Quick Question: How To

My advice to people about legal questions is pretty consistent, there is no such thing as a legal problem you have today that didn’t start off as a legal question you could have and should have asked some time in the past. Your quick question might a simple second opinion. Maybe this question is just a little thing that has brought you to a halt and you just aren’t sure. Maybe you are thinking about a longer engagement with a lawyer but you need to resolve this one little issue first.

Please don’t let the reason you don’t ask a legal question be embarrassment about asking a question you think every other business owner but you knows. So what is a good Quick Question? Well these are some examples of what can be discussed in a quick question:

  • Should I set up my business as an LLC or a Corporation or a sole proprietorship?
  • What do I need to do to register an LLC or a corporation in Maryland?
  • What the heck does this little bit of contract language mean anyway?
  • I received a threatening letter in the mail talking about trademark (or copyright) infringement. What are my options?
  • I received a letter from the Unemployment Office about an employee who resigned last month, what do I do?
  • Can I hire someone as an independent contractor for my business? Or why can’t I hire a person as an independent contractor?
  • I am thinking about forming a partnership with someone to start a business, what are some of the things I should be thinking about?
  • I am thinking about setting up a business for a side gig? What are things to think about?
  • A customer owes me less than $2,000, what can I do to get paid?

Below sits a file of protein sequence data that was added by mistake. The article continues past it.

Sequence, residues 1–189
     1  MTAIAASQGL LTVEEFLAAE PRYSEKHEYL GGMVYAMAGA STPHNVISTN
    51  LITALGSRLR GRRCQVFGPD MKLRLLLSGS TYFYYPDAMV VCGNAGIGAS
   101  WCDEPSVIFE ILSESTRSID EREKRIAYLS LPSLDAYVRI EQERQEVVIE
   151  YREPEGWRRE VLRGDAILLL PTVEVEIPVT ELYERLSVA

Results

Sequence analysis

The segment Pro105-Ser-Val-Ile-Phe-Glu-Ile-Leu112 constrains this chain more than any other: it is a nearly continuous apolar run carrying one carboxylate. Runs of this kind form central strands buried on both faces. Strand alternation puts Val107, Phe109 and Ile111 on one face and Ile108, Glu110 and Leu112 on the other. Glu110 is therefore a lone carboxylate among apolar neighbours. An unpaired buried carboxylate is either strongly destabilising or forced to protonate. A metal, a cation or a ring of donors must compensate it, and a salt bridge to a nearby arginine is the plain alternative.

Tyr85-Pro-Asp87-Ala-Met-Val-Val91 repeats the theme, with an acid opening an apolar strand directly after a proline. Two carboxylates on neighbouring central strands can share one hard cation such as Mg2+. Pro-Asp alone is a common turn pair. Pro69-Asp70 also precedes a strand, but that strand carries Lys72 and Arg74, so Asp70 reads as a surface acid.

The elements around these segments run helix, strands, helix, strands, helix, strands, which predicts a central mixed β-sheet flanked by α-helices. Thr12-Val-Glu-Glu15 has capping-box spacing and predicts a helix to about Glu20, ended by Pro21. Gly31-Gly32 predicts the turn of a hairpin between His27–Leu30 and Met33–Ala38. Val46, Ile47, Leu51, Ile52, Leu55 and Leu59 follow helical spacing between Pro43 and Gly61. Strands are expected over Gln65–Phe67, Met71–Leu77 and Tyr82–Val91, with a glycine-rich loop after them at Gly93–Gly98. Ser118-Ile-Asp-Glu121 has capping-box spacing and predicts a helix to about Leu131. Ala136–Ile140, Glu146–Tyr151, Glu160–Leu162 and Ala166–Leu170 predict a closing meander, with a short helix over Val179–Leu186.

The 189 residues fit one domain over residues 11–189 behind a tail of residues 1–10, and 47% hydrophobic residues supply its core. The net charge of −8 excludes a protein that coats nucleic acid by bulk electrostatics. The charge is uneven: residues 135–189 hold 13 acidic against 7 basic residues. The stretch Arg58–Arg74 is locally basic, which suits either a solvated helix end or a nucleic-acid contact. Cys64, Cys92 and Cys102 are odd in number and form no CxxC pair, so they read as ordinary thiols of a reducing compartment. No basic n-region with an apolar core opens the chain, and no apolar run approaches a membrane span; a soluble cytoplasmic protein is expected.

• Any other question that can reasonably fit into the criteria below.

There are certain things to look for to see if you are a good candidate for a Quick Question:

  • You can explain the problem in less than a minute or two.
  • It is just you that has the question.
  • It is just one question, without several “what if….” scenarios, that will get you moving forward.
  • You are working on a bigger project and thinking about me as your counsel, but just not sure if we are a good fit (i.e. you want a test drive).

So what would not be a good Quick Question case?

  • Questions about funding your business, such as loans, venture capital, crowdfunding, convertible notes, and the like. (Those are not 15 minute questions)
  • Questions about an area of the law I am unfamiliar with (I will let you know).
  • Questions about criminal law, divorce, custody, DUI, or other areas of the law not related to the operation of a business.
  • Questions where you need several people on the phone or in the room. More than one person almost always means more follow on questions. Please, call me for a consultation.
  • You want me to write or revise a contract or draft a letter. Writing anything significant that is coherent and presentable takes more than 15 minutes. I do contract review on a per page basis and contract drafting in some cases on a flat fee basis.
  • The question is about litigation, arbitration, or mediation (unless you want to hear my rant on the differences between the three, please call for a consultation).

How It Works

If you think a Quick Question call is for you, fill out the form below.

Once I get the message, I will let you know if we can do the quick call. I will then send you an invoice for the Quick Question fee of $100. After you make payment, I will ask you to send me an email with three dates and times when you want to have a call with me. I will choose one that suits and then we chat.

Quick Question calls take place between 9:30 a.m. and 5:30 p.m. Eastern Time on regular business days.

  • If none, type none
  • Client understands and agrees to the Terms